PDAC-Drone startups woo stretched miners for survey work
TORONTO, March 7
TORONTO, March 7 (Reuters) - An unmanned miniature helicopter and something that looks like a small flying barbecue are among the gadgets turning the mining sector into an emerging frontier in the commercial use of drones, and at a fraction of the costs of piloted craft.
Aero experts and mapping geeks pitch remotely controlled aircraft as a cheaper and safer way to map deposit sites and even explore for minerals than traditional methods.
"They are really safe, easy to use, lightweight. You can put them in a small bag and take them everywhere," said Olivier Kung, co-founder of Switzerland's Pix4D, which makes software to convert photographs from the smallest drones into usable data.
Ranging from overgrown model airplanes to tiny, wasp-like helicopters, drones arrive as mining companies are forced to write down assets they bought during boom times and executives say they are committed to getting control of their costs.
Governments are loosening restrictions on the commercial use of drones. U.S. regulators, for example, are preparing to open their tightly controlled airspace to unmanned aircraft operated by private companies in 2015.
Mike Hutt, who heads the unmanned aerial vehicles project office for the U.S. Geological Survey, said mapping with drones can be much cheaper than traditional aerial surveys.
"It may cost $2,000 an hour to rent a helicopter," he said. "Our costs for sending a couple of operators out with a system is under $200 an hour."
Hutt's office has run all kinds of pilot projects, monitoring mine reclamation work, finding forgotten mine entrances - a major safety hazard - and locating underground coal seam fires in West Virginia, Colorado and Montana.
DRONES AT PDAC
British Columbia's Accuas Inc was one of several drone-related start-ups working the crowds at the Prospectors and Developers Association of Canada convention in Toronto this week. Accuas builds detailed, three-dimensional maps using its drones, also known as unmanned aerial vehicles, or UAVs.
"I would say starting a year ago, there's been a really big push on UAVs," said Scott McTavish, the president of Accuas. "I think it's going to continue to grow."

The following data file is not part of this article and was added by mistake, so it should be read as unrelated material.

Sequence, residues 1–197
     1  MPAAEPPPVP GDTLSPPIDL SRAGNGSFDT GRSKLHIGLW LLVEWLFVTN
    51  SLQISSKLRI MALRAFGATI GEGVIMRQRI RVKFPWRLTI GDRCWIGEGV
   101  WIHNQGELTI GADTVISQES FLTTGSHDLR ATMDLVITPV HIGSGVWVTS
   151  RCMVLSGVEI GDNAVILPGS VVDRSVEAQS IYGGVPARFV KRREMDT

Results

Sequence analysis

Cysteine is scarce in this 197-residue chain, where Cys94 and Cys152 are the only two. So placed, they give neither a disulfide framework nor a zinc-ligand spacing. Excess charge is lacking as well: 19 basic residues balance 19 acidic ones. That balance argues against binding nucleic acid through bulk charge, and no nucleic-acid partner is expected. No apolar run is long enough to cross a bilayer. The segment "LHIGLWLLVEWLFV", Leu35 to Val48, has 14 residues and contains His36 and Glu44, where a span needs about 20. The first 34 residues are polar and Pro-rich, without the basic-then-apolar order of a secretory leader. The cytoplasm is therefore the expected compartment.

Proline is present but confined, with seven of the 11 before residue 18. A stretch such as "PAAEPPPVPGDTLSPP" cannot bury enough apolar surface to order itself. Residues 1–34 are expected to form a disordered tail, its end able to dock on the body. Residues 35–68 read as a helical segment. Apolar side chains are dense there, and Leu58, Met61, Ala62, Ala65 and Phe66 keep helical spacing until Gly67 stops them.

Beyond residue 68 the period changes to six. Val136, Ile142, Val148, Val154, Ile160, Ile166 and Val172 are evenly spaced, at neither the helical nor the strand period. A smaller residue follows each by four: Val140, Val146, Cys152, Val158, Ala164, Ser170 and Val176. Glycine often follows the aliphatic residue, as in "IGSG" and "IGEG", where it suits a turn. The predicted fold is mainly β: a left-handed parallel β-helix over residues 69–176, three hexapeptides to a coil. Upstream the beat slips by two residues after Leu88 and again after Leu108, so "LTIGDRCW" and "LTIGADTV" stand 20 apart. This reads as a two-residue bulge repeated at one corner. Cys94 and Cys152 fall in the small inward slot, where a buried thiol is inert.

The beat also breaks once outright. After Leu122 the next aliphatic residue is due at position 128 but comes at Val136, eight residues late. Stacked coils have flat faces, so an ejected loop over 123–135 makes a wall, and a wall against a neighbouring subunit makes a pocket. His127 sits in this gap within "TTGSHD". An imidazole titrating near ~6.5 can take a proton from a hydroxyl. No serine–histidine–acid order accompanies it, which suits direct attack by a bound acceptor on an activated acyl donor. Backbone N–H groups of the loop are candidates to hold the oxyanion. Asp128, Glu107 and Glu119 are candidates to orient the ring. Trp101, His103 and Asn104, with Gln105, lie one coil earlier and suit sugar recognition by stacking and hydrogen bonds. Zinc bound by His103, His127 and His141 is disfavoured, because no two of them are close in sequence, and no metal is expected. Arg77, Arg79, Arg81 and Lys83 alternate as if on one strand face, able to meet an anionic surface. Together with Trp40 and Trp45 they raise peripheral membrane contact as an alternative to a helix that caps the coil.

Accuas, which started out mapping landfills, now works for engineering firms, gravel producers and oil and gas companies. It started pursuing mining clients in earnest last year, after buying better equipment. Since then, its projects have included mapping for Anglo American PLC in British Columbia.
Precise maps of open pits can help plan mines and monitor the angle of slopes, a key safety concern because of the risk of rock slides. Drones not much heavier than a laptop computer can take measurements usually made from the ground, without putting extra workers near dangerous heavy equipment on an active mine site.
Pix4D, the Swiss software company, is growing quickly - from about five employees a year ago to 13 now. Kung said that growth is being driven by the mining industry.
He said he has already worked with most of the world's major mining companies, including Rio Tinto PLC. The big companies' research departments are experimenting, but a larger part of his business is with small surveying companies.
Some aerial mapping can be done with satellites or from conventional aircraft, but low-flying drones can collect more detailed data, often just using a camera, and because they fly below the clouds, there is no need to wait for a clear day.
The next frontier for drones in the mining business may be exploration, the search for new mineral deposits - something that is now typically done with helicopters or small planes.
Marc Goossens, who does mapping and exploration work around the world with his companies Geosense and Ursus Airborne, added small UAVs to his toolkit about three years ago. He also uses ground-based sensors, and conventional aircraft.
"It's much cheaper technology, much higher mobility, because you can carry the equipment in a suitcase," he said. "You're much more flexible."
Using a laser-based sensor to survey a square kilometer could cost about 10,000 euros ($13,100) with a manned aircraft, Goossens said, or 2,000 euros with one of his UAVs.
The problem is that many inexpensive drones are too small to fly long distances, or carry magnetic sensors, an important tool in exploration. That's where a Canadian company called Stratus Aeronautics comes in.
Buddy Doyle first started following UAV technology in the 1980s. As a geologist, he was looking for cheaper ways to collect data so that he could afford to do more drilling.
He started Stratus's predecessor, Universal Wing, in 2004. In 2007, they flew a small survey at the Diavik diamond property in the Canadian Arctic. But in those harsh conditions, their military-grade drone did not perform as hoped: "It didn't like landings," said Doyle. So they designed and built their own.
With sensors on each wing, the aircraft, with a maximum weight of about 120 pounds, can fly magnetic surveys.
"The idea is to be an airborne data collector, best and least expensive, and that's what we're doing," said Doyle. "The biggest hurdle, I would say, is regulatory."
That's a common refrain. In the United States right now, only public agencies can fly drones. In Canada, operators must apply for regulatory waivers. In many countries, regulators insist that drones stay within sight of operators on the ground.
That may not hold back site-mapping jobs like Accuas does, but it's a big problem for extensive exploration. Doyle said Stratus is working with Canadian regulators on technological safeguards for long-distance flights, and he's optimistic that they will be allowed to fly their drone longer distances.
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